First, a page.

That trend is born out by the numbers of Muslim students at Fordham, which has risen by almost 25 percent between 2004 and 2011. It’s even more pointed at Catholic University, where the number of Muslim undergraduates has gone up by 72 percent, while the number of Muslim graduates has risen by 166 percent. The combined increase is 122 percent.
What accounts for the rising popularity of Catholic schools among Muslim students?
No one is entirely sure, although administrators believe it has at least something to do with the pride of place given to religious expression on Catholic campuses.
“Religiously affiliated universities are places where students feel they can talk about their faith and live it out, regardless of what that faith may be,” said Monica Esser, associate director for international admissions at Fordham. “At other schools that’s not as encouraged.”
At least in the case of Fordham University student Muhammad Sarwar, she’s right. The Catholic identity of the school is one of the very things that attracted the Pakistani-raised Sarwar to Fordham.
|Fordham University student Muhammad Sarwar|
“Faith is a big part of my life and being a person of faith I wanted to study in an environment where faith was not a non-topic,” the sophomore business major told OSV. “It’s important to me to learn about other people’s faith and explain my own. I wanted my faith to be part of a conversation.”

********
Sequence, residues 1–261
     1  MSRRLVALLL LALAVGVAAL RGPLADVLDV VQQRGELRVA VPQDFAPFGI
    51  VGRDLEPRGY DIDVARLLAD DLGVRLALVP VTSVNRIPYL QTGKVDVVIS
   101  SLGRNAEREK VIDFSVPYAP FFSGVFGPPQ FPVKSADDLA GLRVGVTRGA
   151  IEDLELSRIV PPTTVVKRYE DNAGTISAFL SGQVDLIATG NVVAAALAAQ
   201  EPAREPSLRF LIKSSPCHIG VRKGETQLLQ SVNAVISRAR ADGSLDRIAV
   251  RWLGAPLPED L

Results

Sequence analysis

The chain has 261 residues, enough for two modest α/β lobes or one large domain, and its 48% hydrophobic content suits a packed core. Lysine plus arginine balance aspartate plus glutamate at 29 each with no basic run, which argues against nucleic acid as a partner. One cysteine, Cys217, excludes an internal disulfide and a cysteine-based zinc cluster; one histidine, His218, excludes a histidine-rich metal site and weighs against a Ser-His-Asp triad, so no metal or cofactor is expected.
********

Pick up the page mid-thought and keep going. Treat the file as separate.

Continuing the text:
“Plus, I wanted to see how a Jesuit university operated in this day and age, what it would be like and what shape inter-faith dialogue would take at such a school,” he added. “All of that was a huge part of the attraction for me.”
Not all Muslim students at Catholic schools share Sarwar’s reasoning.
“I wasn’t looking for a religious school at all,” said Mohammed Diop, a freshman premed student at Boston College who was born and raised in Washington, D.C. “Actually Boston’s Catholicism was a drawback for me when I was looking at colleges. But it came down to academics. Their program was one of the best at the schools I got into.”